The third brain region still has a projective dynamics toward the nonfiring neural activity.

Now, for the second phase of the exploration stage, we have the operator:

U ̂ 2 = s A 2 d s s k = 1 d 1 s k 1 ̂ + s k σ ̂ 1 1 ̂ d E35

which leads to the density after the second phase of the exploration stage:

ρ ̂ 2 = U ̂ 2 ρ ̂ 1 U ̂ 2 = r , s A 2 d r s k = 1 d s k r k s k s k 2 d 0 0 d E36

Thus, after the second phase, the first and second brain regions exhibit an entangled probe and response dynamics, where the neural field, for second brain region, is effectively computing both the rewards and the explored actions.

Next comes the exploitation stage with the neural processing for the decision module (the third brain region).

The first step of the exploitation stage is the processing of the initially explored actions, by way of the operator:

U ̂ 3 = s A 2 d s s 1 ̂ d k = 1 d 1 s k 1 ̂ + s k σ ̂ 1 E37

which leads to the density:

ρ ̂ 3 = U ̂ 3 ρ ̂ 2 U ̂ 3 = r , s A 2 d r s k = 1 d s k r k s k s k r s 2 d E38

That is, the probe and response dynamics for the third brain region are correlated and coincident with the probe and response dynamics for the first brain region, so that the third brain region is effectively computing the initially explored actions.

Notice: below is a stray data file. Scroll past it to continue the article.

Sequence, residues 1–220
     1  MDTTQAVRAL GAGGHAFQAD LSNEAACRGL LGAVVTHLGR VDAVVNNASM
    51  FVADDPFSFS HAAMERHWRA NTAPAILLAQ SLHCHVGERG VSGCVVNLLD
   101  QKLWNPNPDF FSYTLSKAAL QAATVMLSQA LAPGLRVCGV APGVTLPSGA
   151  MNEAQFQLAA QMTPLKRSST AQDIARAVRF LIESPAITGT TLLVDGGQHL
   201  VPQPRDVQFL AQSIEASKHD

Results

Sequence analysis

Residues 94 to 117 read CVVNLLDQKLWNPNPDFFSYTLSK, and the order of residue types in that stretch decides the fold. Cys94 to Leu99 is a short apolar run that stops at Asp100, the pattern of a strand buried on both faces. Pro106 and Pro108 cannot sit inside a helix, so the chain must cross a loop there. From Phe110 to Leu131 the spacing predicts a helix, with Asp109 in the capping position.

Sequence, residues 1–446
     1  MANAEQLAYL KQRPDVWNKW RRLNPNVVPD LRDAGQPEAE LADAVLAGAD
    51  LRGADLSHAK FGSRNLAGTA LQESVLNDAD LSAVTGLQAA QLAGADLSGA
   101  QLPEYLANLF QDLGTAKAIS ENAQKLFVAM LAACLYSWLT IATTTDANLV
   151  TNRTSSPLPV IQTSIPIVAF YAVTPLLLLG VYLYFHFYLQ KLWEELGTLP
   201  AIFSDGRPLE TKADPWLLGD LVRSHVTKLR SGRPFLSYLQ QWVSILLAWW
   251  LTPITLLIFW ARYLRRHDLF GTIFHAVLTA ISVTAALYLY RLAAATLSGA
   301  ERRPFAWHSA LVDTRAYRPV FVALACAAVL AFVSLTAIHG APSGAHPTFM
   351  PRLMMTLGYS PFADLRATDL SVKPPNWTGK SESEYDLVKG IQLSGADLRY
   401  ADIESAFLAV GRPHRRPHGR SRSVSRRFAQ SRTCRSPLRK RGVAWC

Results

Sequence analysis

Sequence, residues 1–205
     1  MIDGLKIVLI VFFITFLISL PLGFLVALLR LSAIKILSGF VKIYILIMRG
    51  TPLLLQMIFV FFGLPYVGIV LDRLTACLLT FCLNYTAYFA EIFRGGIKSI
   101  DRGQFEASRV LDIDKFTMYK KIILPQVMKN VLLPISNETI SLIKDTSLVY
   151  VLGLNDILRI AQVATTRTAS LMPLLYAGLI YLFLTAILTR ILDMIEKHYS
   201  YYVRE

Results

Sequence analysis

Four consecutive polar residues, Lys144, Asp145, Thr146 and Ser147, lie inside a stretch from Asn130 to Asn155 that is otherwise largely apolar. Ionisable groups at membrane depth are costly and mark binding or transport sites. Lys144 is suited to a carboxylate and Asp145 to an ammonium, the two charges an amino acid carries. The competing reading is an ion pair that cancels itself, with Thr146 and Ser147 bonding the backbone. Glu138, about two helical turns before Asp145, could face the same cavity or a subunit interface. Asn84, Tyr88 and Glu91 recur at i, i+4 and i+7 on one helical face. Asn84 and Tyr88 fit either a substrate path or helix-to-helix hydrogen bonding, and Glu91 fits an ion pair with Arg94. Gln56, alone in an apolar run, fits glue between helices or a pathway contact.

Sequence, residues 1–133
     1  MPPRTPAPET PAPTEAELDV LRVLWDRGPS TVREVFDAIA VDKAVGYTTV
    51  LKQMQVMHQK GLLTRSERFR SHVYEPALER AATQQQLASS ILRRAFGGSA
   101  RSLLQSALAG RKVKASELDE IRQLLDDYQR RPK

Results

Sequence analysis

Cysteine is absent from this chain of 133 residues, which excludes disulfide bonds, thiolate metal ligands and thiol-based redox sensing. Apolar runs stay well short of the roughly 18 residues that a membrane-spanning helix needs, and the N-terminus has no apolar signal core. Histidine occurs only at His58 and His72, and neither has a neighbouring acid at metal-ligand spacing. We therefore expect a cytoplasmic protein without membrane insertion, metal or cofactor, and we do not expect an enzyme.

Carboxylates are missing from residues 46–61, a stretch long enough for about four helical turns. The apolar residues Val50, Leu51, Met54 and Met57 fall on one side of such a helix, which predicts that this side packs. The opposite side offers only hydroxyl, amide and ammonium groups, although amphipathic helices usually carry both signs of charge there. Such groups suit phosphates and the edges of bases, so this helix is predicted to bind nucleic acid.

Now, the second step for the third brain region results from the activation of the synaptic links with the second brain region, leading to the conditional unitary operator:

U ̂ 4 = s A 2 d 1 ̂ d s s k = 1 d 1 s k 1 ̂ + s k σ ̂ 1 E39

Under this operator, we get the final density:

ρ ̂ 4 = U ̂ 4 ρ ̂ 3 U ̂ 4 = = r , s A 2 d r s k = 1 d s k r k s k s k r k s k r k s k s k s k 2 d E40

Since we have the Boolean equality p q p = q , this means that the above density can be simplified, so that the neural field’s probe and response dynamics for the third brain region projects over the optimal action:

ρ ̂ 4 = U ̂ 4 ρ ̂ 3 U ̂ 4 = r , s A 2 d r s k = 1 d s k r k s k s k 2 d s s E41